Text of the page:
This is a pudding that is very confused! I first came across it after watching Delia Smith’s very educational TV series How to Cook almost 10 years ago. She called them Melting Chocolate Puddings and acknowledged that she got the recipe from Galton Blackiston at Morston Hall Hotel in Norfolk, UK. Then over the years, I noticed very similar recipes but all with different names: Soft-Centred Chocolate Puddings, Chocolate Lava Puddings, Molten Chocolate Puddings, Chocolate Bleeding Puddings, Gooey Chocolate Puddings, and Chocolate Fondant Puddings. And of course during the last few weeks on MasterChef Australia, Chocolate Fondant Puddings made their appearances a few times in different guises, including the wedding episode (Episode 45 – June 17, 2009). By the way, MasterChef Australia judge Gary Mehigan also has a recipe for Chocolate Fondants from his TV series Good Chef / Bad Chef.
Most of the recipes for this pudding are almost identical, with just the slightest deviations in ingredient quantities to produce slightly different flavour and texture. The following recipe is based on the one from Delia Smith. She used 6-fl-oz (175ml) individual metal pudding basins (or dariole moulds) to cook the puddings, but I had difficulty locating metal moulds of these sizes, so I used 250ml-ramekins to bake mine. They worked well for my oven. However, since all ovens have their little quirks, the baking times do vary depending on the type and size of moulds you used, so you need to adjust accordingly, don’t just blindly follow the recommended baking times given below. It is best to do a test run to approximate the best baking time for your oven, I would suggest you start checking the puddings after about 12 minutes (10 minutes if you use smaller moulds) of baking.
Lastly just a note that this recipe is not very sweet, just nice for peoples who don’t like their desserts which are too sweet. But if you are a sweet tooth, you may want to increase the sugar to 70-80g, especially if you are going to use 70% dark chocolate for the puddings.
Makes 4 puddings
100g dark chocolate *
2 teaspoons instant coffee granules
2 teaspoons hot water
2 egg yolks
55g (1/4 cup) caster sugar
1/2 teaspoon vanilla extract
35g (3 tablespoons) plain flour
* I used Nestlé’s ‘Club’ dark chocolate to make this batch, but you can use any good dark chocolates to make the puddings.
1. Preheat oven to 200°C. Grease four 250ml-ovenproof-ramekins. If you want to turn the puddings out for serving, line the base of each ramekin with a round piece of baking paper. Dissolve coffee granules in hot water and set aside.
2. Break the chocolate into small pieces and roughly chop the butter into cubes. Place the chocolate and butter in a large mixing bowl and put this bowl over a saucepan of gently steaming water, and heat until the chocolate and butter mixture melts. Make sure the base of the bowl does not touch the simmering water below.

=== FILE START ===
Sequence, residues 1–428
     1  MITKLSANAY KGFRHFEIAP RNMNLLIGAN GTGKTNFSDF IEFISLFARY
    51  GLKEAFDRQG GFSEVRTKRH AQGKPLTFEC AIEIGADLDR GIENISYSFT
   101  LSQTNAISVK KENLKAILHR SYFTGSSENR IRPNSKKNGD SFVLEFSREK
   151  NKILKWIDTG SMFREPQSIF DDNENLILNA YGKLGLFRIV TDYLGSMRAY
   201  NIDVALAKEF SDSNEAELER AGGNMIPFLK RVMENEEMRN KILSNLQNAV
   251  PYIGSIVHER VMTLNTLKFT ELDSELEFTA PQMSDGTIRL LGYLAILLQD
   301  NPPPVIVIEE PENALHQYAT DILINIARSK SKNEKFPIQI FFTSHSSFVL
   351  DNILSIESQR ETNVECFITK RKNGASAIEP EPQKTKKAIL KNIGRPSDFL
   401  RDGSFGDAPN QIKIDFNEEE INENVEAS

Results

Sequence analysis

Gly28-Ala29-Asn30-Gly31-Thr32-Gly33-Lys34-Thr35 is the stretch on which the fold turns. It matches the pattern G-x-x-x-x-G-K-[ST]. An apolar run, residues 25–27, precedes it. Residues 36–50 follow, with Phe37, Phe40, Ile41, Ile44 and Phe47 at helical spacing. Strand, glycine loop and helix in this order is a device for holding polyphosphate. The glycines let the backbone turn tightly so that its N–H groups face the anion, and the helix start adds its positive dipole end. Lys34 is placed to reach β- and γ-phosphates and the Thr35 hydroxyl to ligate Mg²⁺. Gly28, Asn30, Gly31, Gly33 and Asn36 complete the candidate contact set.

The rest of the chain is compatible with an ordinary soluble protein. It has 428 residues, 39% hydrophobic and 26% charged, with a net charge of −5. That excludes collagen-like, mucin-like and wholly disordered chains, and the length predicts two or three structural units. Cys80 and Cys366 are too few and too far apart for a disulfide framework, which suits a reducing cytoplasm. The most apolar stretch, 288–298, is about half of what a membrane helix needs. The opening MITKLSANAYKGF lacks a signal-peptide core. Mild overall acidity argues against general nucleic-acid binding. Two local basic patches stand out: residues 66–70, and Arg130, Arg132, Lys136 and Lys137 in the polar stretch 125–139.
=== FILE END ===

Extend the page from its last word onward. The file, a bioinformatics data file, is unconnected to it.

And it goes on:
3. While the chocolate mixture is melting, beat the whole eggs, egg yolks, sugar and vanilla with an electric beater. Beat until the mixture is pale and thick, and leaves a trail of ribbon when you lift the beater; total beating time can be 5 to 8 minutes depending on the power of your beater.
4. Pour the melted chocolate mixture and coffee into the egg mixture along the outer edge of the bowl (it is easier to fold it in from the edges). Sift in the flour and gently fold everything together.
5. Divide the batter equally into the 4 greased ramekins, they should approximately fill to just over 2/3 full in each 250ml-ramekin. The puddings can now be baked or, if you prepare them early, they can be covered with cling film and kept in the refrigerator or freezer until you need them.
The unbaked pudding that has been chilled overnight; the mixture has set after chilling.
6. Bake for about 12 to 14 minutes, and 1 to 2 extra minutes if they have been chilled or frozen (remember to remove the cling film first). The puddings should have risen and feel fairly firm to the touch, although the insides will still be melting. If you are turning out the puddings, leave to stand for 1 to 2 minutes before sliding a palette knife around each pudding and turning out on to individual serving plates.
Freshly baked pudding straight out of the oven.
7. Serve immdiately either in the ramekins or turned out onto serving plates, with chilled cream.
The turned-out pudding. Since I used ovenproof ramekin which was not as good a heat conductor as metal mould, the base of the pudding still had a small section in the centre which was not set but that did not affect the presentation as long as the pudding was turned out carefully.
Taste: Soft, fluffy and light pudding with a saucy centre
Consume: Best serve hot
Storage: Unbaked batter may be chilled or frozen for a few days
Recipe Reference(s): ‘Melting Chocolate Puddings’ from Delia Smith’s ‘How to Cook 2’